This is it: on September 19, the 20th edition of the Mini Transat, one of the toughest races for solo sailors, gets underway (the use of any telephone or computer equipment to connect ashore is prohibited: the committee communicates only once a day with skippers by providing the daily weather forecast). The start signal will be given in Douarnenez, Brittany (France): the Mini 6.50 fleet will sail to Lanzarote, Canary Islands (Spain) where the only stopover will take place, and then head to Pointe-à-Pitre, Guadeloupe (Antilles). There are six Italians ready to tackle these 4,020 miles in the Atlantic (two in the protos, four among the series) and who are completing their final preparations in Douarnenez: and let’s face it, none of them is going to “make up the numbers” since, in recent years, Italian ocean sailing has gained new blood and has been able to express itself at the highest level (think of Giancarlo Pedote’s second place in the 2013 Transat, among the protos, or Andrea Mura’s victory at the Route du Rhum).
OUR HOPES AMONG THE PROTO
Let’s start with the category reserved for prototypes. Alberto Bona, after his resounding fifth place among the Series obtained in 2013, tries to improve on his Onlinesim.it 756. The Turin, Italy, native born in 1986, on the force at the Yacht Club Italiano, turned to the guys at Italy’s SkyronLab to modify 756, Sam Manuard’s proto that belonged to Andrea Caracci: the young designers introduced daggerboards and changed the keel system (built with monolithic carbon beam covered by two shells also made of carbon), switching from canting to canting-sliding and increasing the righting moment at the lift-offs by 20 percent, (for close-hauled sails the moment is the same but without the weight of the ballast that is no longer there the boat is lighter by almost 200 kg).
“I’m aiming for the podium this time.” More than manifest are the intentions of the other Italian competing among the proto, Michele Zambelli (CN Rimini), who despite his young age (25) already has behind him a 10th place finish in the 2013 edition. Illumia 788 is the name of the boat, a prototype rented by Aymeric Chappellier, who built it himself in 2010 with two friends, with the collaboration of the C3 Technologies shipyard in La Rochelle. Zambelli is indeed a navigator “with attributes” well hidden behind his all-riviera sympathy….
SERIES CATEGORY: THE “VETERANS”…
While both Bona and Zambelli preferred a more “international” preparation, with regattas in France and England in addition to Italy, Andrea Pendibene, who is in his third participation (after the 2007 and 2011 editions) in the Transat, has chosen to train exclusively in the Mediterranean, relying on the teachings of a French coach who has followed him during the last period in Cagliari. The Pisan athlete born in 1981, a militant in the ranks of the Navy, can count on a pretty good boat: his Pegaso 883 is a Pogo 3, a production boat, but built as a prototype. A very bulky hull section at the bow, with pronounced double edges. The forward beam, in theory, should facilitate gliding while maintaining balance and longitudinal stability as the mast is moved aft.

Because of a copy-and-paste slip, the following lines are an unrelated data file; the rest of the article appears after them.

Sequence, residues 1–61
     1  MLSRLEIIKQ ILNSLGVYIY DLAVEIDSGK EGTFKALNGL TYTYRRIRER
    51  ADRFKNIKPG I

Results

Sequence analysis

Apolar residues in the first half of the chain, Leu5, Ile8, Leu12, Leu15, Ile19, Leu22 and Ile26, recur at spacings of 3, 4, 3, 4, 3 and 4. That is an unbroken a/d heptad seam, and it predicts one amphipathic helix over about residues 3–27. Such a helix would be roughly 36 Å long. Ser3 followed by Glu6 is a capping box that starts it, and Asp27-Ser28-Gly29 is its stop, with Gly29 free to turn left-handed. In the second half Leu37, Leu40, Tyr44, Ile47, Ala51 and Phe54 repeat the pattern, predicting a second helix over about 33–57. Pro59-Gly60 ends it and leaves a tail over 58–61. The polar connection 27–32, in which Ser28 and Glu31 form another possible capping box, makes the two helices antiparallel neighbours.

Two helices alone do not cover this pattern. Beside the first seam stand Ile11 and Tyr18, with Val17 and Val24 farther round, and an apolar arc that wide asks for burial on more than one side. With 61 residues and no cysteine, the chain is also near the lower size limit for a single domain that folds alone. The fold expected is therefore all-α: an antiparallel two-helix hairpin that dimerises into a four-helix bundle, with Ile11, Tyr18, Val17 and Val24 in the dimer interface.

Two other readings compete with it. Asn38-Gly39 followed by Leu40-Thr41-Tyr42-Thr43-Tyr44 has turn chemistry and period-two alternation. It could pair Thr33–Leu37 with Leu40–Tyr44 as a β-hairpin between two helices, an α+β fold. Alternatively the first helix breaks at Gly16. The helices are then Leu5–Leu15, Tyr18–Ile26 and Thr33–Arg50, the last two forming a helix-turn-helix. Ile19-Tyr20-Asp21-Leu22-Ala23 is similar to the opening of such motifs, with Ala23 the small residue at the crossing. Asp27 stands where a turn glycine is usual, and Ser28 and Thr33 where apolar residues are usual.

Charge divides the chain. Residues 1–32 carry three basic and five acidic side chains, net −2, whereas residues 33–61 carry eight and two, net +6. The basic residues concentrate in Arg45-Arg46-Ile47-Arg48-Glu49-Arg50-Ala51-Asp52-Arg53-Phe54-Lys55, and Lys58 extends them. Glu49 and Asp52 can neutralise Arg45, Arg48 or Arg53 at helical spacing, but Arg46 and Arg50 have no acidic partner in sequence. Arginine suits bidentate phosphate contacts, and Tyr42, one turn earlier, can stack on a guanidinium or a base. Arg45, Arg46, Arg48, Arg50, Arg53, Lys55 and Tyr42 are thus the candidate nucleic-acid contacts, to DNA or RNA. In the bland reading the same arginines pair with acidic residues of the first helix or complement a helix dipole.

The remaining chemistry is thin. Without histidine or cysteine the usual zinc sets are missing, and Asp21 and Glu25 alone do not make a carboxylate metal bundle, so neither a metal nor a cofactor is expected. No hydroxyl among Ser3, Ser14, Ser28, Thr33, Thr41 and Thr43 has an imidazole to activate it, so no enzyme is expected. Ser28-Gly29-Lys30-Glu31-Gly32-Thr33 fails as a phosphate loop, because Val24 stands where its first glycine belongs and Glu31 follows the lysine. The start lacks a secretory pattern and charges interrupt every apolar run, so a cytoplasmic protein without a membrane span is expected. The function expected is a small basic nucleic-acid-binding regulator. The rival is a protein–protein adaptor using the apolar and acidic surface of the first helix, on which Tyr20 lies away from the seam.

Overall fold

Federico Cuciuc, born in Rome in 1978, has also previously tried his hand at the Transat, in 2013 (finished 32nd). He will be aboard 556, a Rolland’s Dingo, just as in last year’s edition, but he comes more prepared, although, he writes on his blog, “some fear will also come at some point. There is no ‘normal’ way to do it, my minist friends know this well. For each in a different way, it is an out-of-the-ordinary endeavor. it is a daring to put the wake of our little boat ever so slightly further whose meaning is sometimes not easy to grasp for those who stay ashore, and often holds surprises even for those who are right there: in the middle of the sea.”
… AND DEBUTANTS
For Andrea Fornaro (CV Talamone) and Roland Ventura, however, this is the first Mini Transat. The former deploys to Douarnenez aboard Sideral, an Argo650 from the pencil of Marc Lombard. Born in Orbetello in 1977, he has a long dinghy history behind him, including Optimist, Vaurien, 420, Snipe, Europa and Star, with many titles won. In 2011 he finished second in the legendary Fastnet with a Class 40, and alternates his oceanic passion with offshore racing and in Melges 20 and 32. Like Alberto Bona, he chose the Transgascogne (a 590-mile-long race in two stages touching France and Spain, starting from Port de Bourgenay) as his last prep race.
Ventura’s case, however, is “atypical”: he was born in Brussels but grew up in Trentino-Alto Adige and took his first sailing steps on Lake Garda. At 18, he felt the irresistible call of the ocean and moved to France (he lives in Tours), where he worked for 10 years as a technical trainer on the Figaro circuit. In Italy, he has taught in several schools of the high seas. Finally, at 45 years of age (among the Azzurri in the race, he is the oldest: we consider him Italian because he registered under the tricolor banner), he was able to fulfill his dream of participating in this solo adventure. He runs aboard Pogo2 523.